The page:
A few weeks ago I wrote about regulatory focus theory (approach and avoidance motivations) and its possible impact on your career satisfaction.
To summarise quickly: approach or promotion focus is about trying to achieve positive outcomes, whereas avoidance or prevention focus is about trying to preclude negative outcomes.
Different types of goals and situations can induce either prevention or promotion focus. Benign environments tend to lead to promotion focus because people feel more inclined to take risks, whereas threatening environments tend to encourage prevention focus so that they are less likely to make damaging mistakes.
Having said that, most people will have a default approach they take to new situations. Generally, people feel more motivated about their goals if they can pursue them in a manner which fits with their regulatory focus. So, promotion-oriented individuals will feel more engaged if they are allowed to pursue goals in a positive, eager manner and prevention-oriented individuals feel better if they are allowed to be careful and vigilant.
A recent study by Righetti et al. (2011) looked at how the regulatory focus of someone trying to achieve a goal was affected by the focus of someone who was advising or supporting them.
In their research they tried to examine the effect of receiving advice from someone with the same or different orientation on an individual’s motivation for and enjoyment of a particular goal. What they found was an asymmetrical relationship. People with a promotion orientation were more motivated when working with someone who also had a promotion orientation. However, prevention-oriented people demonstrated no significant preference for their partner to be prevention or promotion focused.
The authors speculated on a number of reasons why this might be:
- Promotion-oriented people might be more geared up to seek and receive new information from external sources because they are looking for opportunities to advance. Prevention-oriented people, on the other hand, are more focused on potential threats. New information from others people might represent a threat and is therefore avoided.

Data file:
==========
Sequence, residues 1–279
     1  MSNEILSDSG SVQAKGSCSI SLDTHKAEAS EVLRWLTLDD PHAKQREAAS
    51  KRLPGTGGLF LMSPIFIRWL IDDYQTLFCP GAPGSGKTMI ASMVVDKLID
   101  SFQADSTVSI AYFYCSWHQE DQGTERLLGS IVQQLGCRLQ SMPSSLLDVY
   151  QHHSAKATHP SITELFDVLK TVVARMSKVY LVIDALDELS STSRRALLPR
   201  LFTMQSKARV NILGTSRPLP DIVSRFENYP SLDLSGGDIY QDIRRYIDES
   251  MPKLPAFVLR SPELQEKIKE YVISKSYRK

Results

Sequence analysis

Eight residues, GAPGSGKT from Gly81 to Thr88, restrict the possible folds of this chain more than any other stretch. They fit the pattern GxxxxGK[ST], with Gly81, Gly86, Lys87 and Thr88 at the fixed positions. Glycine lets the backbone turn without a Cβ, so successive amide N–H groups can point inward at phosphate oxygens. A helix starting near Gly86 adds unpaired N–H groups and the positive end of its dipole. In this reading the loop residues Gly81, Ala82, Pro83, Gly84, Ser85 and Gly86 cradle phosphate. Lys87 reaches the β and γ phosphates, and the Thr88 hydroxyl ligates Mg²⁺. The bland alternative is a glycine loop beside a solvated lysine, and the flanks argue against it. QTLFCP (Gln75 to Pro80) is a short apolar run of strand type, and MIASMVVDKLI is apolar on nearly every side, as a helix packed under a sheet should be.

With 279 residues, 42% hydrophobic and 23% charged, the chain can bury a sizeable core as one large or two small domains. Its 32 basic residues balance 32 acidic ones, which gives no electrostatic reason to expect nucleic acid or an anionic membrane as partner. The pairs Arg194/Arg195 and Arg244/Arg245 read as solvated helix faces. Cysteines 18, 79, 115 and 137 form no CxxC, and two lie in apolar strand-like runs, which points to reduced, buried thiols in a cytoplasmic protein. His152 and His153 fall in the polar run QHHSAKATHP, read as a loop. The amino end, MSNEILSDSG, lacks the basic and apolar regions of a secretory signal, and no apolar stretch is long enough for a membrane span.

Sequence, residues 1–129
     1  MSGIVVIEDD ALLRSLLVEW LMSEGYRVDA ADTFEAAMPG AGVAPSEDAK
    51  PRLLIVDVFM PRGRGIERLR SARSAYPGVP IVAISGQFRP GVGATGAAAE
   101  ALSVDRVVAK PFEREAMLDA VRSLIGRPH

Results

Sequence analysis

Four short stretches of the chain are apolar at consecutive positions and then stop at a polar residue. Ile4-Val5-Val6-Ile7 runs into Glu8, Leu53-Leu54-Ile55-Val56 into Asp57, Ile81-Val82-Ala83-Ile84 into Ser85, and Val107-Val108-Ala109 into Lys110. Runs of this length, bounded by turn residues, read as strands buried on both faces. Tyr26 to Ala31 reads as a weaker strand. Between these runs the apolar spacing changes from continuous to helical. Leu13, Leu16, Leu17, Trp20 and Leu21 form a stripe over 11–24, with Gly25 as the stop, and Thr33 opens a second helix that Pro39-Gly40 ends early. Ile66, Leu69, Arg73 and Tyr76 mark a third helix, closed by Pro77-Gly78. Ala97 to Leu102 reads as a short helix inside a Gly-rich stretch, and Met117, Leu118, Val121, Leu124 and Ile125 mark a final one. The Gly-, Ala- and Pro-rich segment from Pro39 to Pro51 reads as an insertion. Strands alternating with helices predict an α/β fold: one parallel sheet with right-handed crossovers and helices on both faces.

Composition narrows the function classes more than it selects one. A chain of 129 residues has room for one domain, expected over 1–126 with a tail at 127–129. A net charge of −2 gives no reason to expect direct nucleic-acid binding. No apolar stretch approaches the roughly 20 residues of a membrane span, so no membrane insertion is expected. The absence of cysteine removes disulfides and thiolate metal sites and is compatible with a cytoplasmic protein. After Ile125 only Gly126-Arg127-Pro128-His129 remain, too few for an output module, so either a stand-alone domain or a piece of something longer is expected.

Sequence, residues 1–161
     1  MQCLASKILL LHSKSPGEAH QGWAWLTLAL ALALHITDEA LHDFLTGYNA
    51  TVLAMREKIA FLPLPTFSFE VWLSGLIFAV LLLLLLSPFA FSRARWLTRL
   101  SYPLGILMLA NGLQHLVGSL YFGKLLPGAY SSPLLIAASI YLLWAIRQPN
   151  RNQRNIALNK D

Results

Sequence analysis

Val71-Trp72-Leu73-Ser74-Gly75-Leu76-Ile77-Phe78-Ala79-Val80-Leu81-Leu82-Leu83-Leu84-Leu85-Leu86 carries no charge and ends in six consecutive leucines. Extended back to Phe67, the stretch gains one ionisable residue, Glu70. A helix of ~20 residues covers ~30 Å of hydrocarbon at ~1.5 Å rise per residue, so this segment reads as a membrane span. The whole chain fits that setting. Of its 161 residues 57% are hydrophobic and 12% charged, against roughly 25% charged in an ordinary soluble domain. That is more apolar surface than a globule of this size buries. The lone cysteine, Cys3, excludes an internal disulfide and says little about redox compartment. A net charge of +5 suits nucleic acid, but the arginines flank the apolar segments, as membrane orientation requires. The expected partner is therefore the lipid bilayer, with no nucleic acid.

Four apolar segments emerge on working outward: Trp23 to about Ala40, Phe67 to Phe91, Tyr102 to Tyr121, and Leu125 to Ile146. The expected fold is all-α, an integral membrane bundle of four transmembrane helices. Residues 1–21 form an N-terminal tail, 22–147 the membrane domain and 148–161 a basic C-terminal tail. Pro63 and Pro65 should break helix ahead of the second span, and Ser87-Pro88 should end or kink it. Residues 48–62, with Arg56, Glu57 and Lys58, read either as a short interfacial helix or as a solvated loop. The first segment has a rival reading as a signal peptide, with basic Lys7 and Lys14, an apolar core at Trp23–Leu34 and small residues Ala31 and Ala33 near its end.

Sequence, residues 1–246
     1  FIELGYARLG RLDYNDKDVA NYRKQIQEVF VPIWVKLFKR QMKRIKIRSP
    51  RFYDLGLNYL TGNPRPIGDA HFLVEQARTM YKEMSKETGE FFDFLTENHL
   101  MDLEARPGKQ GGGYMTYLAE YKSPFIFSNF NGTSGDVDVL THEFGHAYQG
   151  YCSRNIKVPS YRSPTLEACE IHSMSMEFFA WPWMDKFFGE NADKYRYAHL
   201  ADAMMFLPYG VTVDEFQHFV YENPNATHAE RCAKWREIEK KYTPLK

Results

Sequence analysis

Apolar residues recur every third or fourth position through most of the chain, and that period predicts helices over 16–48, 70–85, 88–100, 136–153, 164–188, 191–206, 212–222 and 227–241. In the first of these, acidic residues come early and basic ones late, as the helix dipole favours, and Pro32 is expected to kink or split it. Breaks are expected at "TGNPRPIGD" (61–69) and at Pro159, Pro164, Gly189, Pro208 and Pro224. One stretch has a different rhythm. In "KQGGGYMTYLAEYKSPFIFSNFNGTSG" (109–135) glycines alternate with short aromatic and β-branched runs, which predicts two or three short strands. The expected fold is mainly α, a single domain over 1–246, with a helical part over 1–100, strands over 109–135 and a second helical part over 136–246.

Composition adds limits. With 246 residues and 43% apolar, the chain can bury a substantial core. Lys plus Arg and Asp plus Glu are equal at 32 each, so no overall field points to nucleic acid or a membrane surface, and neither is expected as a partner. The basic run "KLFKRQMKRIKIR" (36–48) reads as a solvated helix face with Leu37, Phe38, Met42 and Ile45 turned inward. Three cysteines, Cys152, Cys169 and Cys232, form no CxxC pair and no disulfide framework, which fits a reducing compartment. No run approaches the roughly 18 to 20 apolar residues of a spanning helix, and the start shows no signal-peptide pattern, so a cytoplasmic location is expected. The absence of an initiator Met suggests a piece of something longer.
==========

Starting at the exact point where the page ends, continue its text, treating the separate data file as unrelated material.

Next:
- Promotion orientation tends to lead to more global processing — looking at the bigger picture — whilst prevention orientation tends to lead to more local processing — focusing on the immediate. So, people in a prevention-oriented mode may not see the immediate value of someone else’s perspective even if it is similar to theirs. In fact, they may not even notice the similarity because they are focused on differences.
- Prevention-oriented people may be less likely to seek support from others because they are more sensitive to social rejection. This social anxiety might get in the way of them taking on board useful advice.
Some questions to ponder
- Is the increased emphasis on exams and testing in schools, coupled with the awareness of the negative financial implications of choosing the wrong university course, coupled with the threatening economic environment likely to drive more people towards a prevention orientation when choosing courses and careers?
- If people with a prevention or avoidance motivation are less likely to seek help and less likely to value it if they get it, what can we do to attract these people to use and to benefit from our services?
- Do you know what your default preference for approach or avoidance is? What impact does it have on the clients you work with?
Righetti, F., Finkenauer, C. & Rusbult, C. (2011). The benefits of interpersonal regulatory fit for individual goal pursuit. Journal of Personality and Social Psychology, 101(4), 720-736. DOI: 10.1037/a0023592